HOUSTON -- A Texas Tribune investigation has sifted through hundreds of Congressional records to reveal where Texas lawmakers are traveling, and who is paying for it.
Topping the list of frequent flyers is U.S. Rep. Ted Poe (R-Houston), who records show took 14 trips in the last two years that were paid for by private groups. Ethics rules bar lawmakers from taking trips paid for by lobbyists, and because these trips were paid for by foundations, they appear to be within the rules.
Still, the Tribune reporter who found the records said it took weeks of sifting though arcane reports to connect the dots. "It raises a question of transparency," said Texas Tribune reporter Andrew Kreighbaum. "Even two years after major ethics reform, we still don't exactly know who is paying for all of these trips or why they are being taken."
"For a reporter it takes hours and days to go through and compile all this," he said. "It's something an average person wouldn't have time for."
Records show that although Poe took the most trips, private groups spent the most money on travel for U.S. Rep. Lloyd Doggett (D-Austin) and U.S. Rep. Gene Green (D-Houston), at approximately $25,000 each in the last two years. Groups spent $18,938 on travel for U.S. Rep. Pete Olson (R-Sugar Land) and his staff, and $15,709 for Poe.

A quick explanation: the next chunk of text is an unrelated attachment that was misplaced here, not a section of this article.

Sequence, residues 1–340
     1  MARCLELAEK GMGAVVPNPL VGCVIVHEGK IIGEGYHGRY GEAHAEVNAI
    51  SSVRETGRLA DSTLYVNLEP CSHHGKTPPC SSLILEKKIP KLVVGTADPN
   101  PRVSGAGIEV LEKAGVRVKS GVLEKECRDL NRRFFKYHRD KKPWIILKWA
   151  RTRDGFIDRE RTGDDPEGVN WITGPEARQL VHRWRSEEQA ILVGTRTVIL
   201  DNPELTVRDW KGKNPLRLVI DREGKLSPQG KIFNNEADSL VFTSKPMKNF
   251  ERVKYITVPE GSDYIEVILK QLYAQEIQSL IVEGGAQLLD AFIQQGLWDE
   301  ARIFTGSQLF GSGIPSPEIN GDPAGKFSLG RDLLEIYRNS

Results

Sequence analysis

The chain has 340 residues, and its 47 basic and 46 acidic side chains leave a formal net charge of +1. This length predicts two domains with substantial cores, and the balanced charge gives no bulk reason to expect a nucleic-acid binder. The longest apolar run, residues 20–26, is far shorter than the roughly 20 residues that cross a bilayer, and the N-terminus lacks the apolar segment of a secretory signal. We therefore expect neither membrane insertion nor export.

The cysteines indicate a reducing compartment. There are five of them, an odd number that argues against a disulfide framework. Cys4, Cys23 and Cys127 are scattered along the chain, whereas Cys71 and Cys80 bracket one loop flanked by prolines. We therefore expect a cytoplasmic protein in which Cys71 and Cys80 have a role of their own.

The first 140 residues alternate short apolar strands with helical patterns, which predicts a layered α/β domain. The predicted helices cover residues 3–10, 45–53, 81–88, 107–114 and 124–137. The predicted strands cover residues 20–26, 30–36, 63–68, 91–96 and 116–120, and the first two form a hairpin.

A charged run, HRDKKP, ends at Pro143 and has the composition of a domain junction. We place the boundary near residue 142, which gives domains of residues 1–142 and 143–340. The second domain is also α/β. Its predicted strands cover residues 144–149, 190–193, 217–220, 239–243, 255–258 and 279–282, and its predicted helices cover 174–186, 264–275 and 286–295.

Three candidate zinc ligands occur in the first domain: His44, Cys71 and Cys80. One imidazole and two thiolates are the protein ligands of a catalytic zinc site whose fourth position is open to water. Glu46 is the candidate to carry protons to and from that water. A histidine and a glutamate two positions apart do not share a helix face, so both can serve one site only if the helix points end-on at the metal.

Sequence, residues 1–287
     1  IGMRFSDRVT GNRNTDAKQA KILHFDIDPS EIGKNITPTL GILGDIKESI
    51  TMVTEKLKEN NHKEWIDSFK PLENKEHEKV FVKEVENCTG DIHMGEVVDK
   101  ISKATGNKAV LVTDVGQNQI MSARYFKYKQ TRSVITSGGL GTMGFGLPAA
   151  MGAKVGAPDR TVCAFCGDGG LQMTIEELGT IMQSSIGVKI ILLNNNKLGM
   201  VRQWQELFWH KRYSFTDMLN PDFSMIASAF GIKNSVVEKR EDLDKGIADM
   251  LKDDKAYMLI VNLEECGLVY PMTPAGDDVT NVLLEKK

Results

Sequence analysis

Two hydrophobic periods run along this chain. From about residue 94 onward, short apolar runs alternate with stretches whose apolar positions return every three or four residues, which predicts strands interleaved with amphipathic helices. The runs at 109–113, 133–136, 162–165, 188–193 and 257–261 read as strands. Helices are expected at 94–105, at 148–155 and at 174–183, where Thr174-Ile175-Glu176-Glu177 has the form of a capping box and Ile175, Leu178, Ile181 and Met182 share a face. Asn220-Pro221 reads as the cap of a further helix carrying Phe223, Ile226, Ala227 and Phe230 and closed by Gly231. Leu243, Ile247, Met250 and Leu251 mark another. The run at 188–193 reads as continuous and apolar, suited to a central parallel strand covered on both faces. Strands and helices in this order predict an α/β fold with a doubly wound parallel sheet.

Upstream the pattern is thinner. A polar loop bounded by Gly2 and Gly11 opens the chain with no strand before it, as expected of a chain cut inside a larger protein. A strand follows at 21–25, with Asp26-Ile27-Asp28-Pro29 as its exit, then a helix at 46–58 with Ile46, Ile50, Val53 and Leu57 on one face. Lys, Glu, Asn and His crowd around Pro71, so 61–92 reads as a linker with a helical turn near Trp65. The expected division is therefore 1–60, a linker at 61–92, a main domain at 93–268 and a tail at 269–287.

The conservative Congressional Institute and Heritage Foundation funded the most trips, at 34 and 32, respectively. Both are based in Maryland, which explains why it was the most-traveled-to state among members of the Texas delegation. Records show that Texas lawmakers and their staff made 25 foundation funded trips to Baltimore, and 13 to Cambridge, Maryland, in the last two years.
The next most common destination was Istanbul, Turkey, records show. Lawmakers also made five trips to Tel Aviv, Israel, which were funded by the "American Israel Education Foundation."
Kreighbaum said travel records generally do not indicate the purpose of a privately funded trip. U.S. Rep. Kevin Brady (R-The Woodlands) told the Tribune that his October, 2008 trip funded by the Anadarko Petroleum Corp. was designed to help him understand the benefits of offshore drilling.
"I don't know if that trip convinced Speaker Pelosi not to bring a bill to the floor," he said, "but it helped us go back and talk to Congress about what exploration really is, rather than myths."
Other lawmakers took trips funded by groups that do not always reveal the trip's purpose. Groups such as "The Humpty Dumpty Institute," the "Alliance for Health Reform," and "North Carolina Governor's Crime Commission" also paid for Texas lawmaker travel, records show.